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How Fireworks Work
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When Conyers celebrates our nation's independence with a fireworks display, there will be an unseen choreographer dashing about coordinating the display. Here's what goes on behind the show.

Mortars fire around him and shells explode in bursts of light and noise. Using a flare, the technician reaches down to light the next shell in line and then quickly turns his head as the ignition wire burns to a fuse at the bottom of the mortar.

The spherical shell shoots 200 feet into the air as a second time delay fuse burns down. The powder inside ignites and the shell explodes apart.

Dozens of aluminum powder pellets, called stars, shoot out in long silver streaks forming a sphere, followed quickly by a second set of strontium carbonate stars which produce a bright red inner ring.

Just as quickly as the sky is ablaze it returns briefly to black, awaiting the crowd's next gasp.

Shine, dazzle, boom
Fireworks are big business in the U.S., yet most professional shows are still fired by hand using flares, said Pyrotecnico Sales Manager John Feigert.

Pyrotecnico is a national business with an Atlanta office that is handling 800 fireworks shows in the Northeast and Southeast, including in Covington. Only the largest celebrations will be handled by an intricate, synchronized computer program.

The world of fireworks is a true mixture of art and science. Each company has its proprietary chemical mixtures to produce unique colors, patterns and special effects.

A firework can have bursts, or breaks as they're called in the industry, with a single color, multiple colors, colors that change and sparkling effects.

"The amount of different combinations that can be made, it starts to measure in the hundreds with just those basics," Feigart said, giving the example of a sparkling silver burst with a secondary burst of red that shifts to blue.

"Take the chemical universe, that's what manufactures are working with, from zinc to titanium to chlorine."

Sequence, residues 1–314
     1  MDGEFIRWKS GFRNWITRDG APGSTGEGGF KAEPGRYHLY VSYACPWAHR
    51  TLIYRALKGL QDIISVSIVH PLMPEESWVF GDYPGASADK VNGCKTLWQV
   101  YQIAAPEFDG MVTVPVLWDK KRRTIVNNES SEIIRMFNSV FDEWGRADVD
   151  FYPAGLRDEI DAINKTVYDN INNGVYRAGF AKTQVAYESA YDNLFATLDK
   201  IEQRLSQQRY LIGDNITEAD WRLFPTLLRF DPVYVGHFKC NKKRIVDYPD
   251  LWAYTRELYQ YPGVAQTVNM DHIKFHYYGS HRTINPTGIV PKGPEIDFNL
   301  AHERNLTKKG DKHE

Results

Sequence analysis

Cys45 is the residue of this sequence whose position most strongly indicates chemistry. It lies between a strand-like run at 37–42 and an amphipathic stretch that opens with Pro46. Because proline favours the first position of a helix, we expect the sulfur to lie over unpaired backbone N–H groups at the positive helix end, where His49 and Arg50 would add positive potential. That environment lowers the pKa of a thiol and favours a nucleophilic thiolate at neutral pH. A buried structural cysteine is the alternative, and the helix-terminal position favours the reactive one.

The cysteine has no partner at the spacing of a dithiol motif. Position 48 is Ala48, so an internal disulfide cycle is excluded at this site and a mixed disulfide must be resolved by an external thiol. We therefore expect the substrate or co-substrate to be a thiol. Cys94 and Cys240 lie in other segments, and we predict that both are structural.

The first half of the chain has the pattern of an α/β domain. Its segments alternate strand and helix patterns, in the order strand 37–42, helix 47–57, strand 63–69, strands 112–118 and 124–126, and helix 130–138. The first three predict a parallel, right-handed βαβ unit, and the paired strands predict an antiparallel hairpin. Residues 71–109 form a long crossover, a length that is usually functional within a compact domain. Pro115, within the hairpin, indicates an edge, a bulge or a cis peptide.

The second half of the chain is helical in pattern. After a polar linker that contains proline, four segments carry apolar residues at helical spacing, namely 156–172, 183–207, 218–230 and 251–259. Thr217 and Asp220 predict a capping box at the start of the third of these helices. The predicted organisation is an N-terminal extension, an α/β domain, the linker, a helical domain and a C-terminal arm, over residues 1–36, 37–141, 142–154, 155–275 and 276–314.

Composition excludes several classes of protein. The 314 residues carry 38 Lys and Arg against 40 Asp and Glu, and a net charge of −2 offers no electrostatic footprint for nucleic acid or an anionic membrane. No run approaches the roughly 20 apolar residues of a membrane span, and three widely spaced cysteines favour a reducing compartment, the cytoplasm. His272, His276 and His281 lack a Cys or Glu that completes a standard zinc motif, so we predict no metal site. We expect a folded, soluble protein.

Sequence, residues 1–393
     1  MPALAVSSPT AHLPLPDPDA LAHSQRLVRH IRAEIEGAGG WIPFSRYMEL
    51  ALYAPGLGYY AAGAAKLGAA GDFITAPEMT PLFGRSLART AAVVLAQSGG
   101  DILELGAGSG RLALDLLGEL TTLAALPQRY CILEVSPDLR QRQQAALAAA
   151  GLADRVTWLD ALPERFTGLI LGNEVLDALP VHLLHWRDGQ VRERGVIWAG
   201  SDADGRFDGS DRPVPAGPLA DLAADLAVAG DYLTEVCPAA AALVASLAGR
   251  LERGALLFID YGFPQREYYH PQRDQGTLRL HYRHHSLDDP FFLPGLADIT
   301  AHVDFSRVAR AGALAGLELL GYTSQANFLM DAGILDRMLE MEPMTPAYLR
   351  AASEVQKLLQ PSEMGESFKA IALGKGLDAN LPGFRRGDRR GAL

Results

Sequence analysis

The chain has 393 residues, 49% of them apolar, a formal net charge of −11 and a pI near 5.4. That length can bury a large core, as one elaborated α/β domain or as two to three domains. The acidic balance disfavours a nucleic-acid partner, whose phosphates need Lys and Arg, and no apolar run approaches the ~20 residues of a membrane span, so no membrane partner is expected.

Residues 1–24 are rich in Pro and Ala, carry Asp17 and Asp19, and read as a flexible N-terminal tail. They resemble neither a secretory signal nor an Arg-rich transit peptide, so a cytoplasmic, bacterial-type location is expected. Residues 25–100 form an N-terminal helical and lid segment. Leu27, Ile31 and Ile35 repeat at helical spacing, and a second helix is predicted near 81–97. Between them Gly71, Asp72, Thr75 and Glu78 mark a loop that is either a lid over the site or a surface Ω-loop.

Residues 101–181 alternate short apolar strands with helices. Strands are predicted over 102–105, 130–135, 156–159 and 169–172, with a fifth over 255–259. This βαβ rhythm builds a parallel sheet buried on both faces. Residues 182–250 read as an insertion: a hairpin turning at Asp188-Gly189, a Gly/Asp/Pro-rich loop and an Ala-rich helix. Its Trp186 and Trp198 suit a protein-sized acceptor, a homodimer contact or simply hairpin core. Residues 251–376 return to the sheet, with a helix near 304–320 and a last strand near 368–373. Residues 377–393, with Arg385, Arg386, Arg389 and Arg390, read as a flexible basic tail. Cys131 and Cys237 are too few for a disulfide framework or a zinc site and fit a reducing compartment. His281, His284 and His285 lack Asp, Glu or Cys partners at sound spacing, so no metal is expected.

Once a company has its color mixture and effects down, it can choose from dozens of patterns. The most standard break in the industry is the chrysanthemum or peony. The majority of flower or tree-shaped bursts, including dahlias and willow and palm trees, are the result of round ball-shaped shells.

Patterned shells are becoming more popular and form recognizable shapes, such as a bow tie, five-pointed star, happy face or peace sign.

Fireworks shows are also designed to be an auditory experience, and designers often add shells specifically designed to buzz, crackle and whistle. One such prominent shell that will be included in Covington's show is the titanium salute, which not only produces a loud "cannon shot" sound, but also provides a bright silver burst to further light up the sky. Finales combine the whole bag of tricks to create the full experience.

Designers take their entire stock, and then plot a firing pattern, mixing and matching to create an opening, a main body with mini finales thrown in and then, of course, the grand finale that leaves crowds wanting more.

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Shell sizes are measured by their diameter, and the largest shows frequently included foot long shells, but those have been reclassified as "high explosives," hiking up shipping costs and complexity, making them virtually impossible to use, Feigert said.

Even 10-inch shells are rare because some international freight companies are refusing to ship them from China, making 8-inch shells the largest you'll see in most domestic shows. Feigert said the fireworks industry doesn't consider the lack of larger shells a great loss, because they would fly so high, up to 2,250 feet, that the burst was diminished despite being larger.

Other trends in fireworks include increased computerization, as well as the advent of cakes or barrage boxes. These large groupings of shells are designed to be fire simultaneously and explode fairly low in the viewer's sightline.